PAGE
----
5 Startling Consequences To Corporate Profit Decisions
5 Startling Consequences To Corporate Profit Decisions
There’s something about larger companies that often screams big and slow. They’re like elephants lumbering through the open fields, unable to turn away from the obstacles in their path and yet at the same time so large it doesn’t matter.
In the pursuit of their goals, a decision sometimes can have side effects that can cost these companies thousands of dollars, but more importantly employee satisfaction. As employees feel sidestepped and stepped on, they go through a process of grumbling, then complaining, then quitting as they feel disconnected.
All these large companies were small once, however; often started by disgruntled former employees of companies who made their own decision or two that was peculiar or disquieting. The onus is on the new business owner to ensure every decision won’t alienate your employees or accept blinders in your race towards profitability.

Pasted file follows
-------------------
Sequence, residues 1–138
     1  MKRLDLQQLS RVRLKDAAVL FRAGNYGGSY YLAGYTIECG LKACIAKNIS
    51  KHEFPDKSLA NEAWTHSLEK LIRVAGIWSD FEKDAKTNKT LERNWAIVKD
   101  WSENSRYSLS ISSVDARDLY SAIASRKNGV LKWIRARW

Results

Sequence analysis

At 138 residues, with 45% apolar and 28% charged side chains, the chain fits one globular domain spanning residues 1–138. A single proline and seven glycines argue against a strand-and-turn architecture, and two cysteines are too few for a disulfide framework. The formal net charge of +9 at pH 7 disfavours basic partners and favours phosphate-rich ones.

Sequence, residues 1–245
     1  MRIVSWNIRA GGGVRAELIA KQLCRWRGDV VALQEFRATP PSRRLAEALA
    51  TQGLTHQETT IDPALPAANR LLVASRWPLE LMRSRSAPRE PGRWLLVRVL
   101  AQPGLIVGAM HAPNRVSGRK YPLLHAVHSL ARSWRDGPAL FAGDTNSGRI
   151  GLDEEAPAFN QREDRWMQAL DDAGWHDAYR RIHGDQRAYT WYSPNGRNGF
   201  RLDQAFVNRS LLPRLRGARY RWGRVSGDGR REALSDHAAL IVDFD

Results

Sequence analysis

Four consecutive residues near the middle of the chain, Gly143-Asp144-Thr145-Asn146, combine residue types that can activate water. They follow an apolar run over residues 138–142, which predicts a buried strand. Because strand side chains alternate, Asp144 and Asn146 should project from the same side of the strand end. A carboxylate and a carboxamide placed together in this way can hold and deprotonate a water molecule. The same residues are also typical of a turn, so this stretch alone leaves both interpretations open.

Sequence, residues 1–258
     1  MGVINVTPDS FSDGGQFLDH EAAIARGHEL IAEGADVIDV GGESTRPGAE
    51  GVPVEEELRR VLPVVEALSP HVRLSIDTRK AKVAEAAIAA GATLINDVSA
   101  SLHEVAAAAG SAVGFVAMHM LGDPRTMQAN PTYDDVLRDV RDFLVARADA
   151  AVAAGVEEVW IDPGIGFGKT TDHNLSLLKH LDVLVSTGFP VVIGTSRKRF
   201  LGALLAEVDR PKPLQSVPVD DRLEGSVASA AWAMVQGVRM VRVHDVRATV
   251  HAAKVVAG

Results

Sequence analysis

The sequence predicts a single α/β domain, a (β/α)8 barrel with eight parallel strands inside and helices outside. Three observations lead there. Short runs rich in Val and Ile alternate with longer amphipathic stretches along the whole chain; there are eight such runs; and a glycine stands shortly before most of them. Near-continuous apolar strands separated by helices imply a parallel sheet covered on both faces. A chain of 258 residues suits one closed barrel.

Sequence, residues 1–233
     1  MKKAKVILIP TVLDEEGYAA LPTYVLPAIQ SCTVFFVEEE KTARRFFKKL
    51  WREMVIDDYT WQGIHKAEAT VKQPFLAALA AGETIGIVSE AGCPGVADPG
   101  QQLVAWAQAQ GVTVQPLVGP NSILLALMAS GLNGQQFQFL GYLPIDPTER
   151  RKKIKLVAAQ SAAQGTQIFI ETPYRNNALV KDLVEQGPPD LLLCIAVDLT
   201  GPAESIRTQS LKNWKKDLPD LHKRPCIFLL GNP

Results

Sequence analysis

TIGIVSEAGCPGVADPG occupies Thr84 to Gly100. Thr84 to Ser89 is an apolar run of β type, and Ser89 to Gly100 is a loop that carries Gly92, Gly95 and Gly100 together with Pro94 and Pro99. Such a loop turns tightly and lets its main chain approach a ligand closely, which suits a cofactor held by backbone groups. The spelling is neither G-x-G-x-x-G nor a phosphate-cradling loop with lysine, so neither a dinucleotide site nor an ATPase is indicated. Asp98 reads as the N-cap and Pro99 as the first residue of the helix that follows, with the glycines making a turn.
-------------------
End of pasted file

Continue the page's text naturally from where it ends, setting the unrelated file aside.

1. NO talking
“Shhh, your talking is disturbing me.” Something you hear at the nine pm movie, not the nine am office meeting. It’s true though, some large companies are so focused on the efficiency bandwagon that they’ll throw the baby out with the bathwater.
Yes, I understand you’ve made the decision to have a functional expert and a chain of command, but if Billy is walking passed my chair and there’s a high chance that he’ll have the answer, why would I expend the energy and time to walk halfway down the hall and interrupt my manager Lilly to verify that the widget I think I need is in fact part number 256558j, especially when there’s a chance Lilly may not know?
I get that companies need policies to address the tongue waggers, but that doesn’t warrant banning speaking altogether. Respect and trust. Respect your people by letting them know that talking is one thing, but incessant talking is another thing entirely. Trust that once they are aware of your wishes that they will follow suit, talking when it won’t reduce their speed and efficiency. If your employees don’t respect your wishes enough to reduce the chatter or trust that you may know what you’re speaking of then perhaps it’s time to reassess your relationship.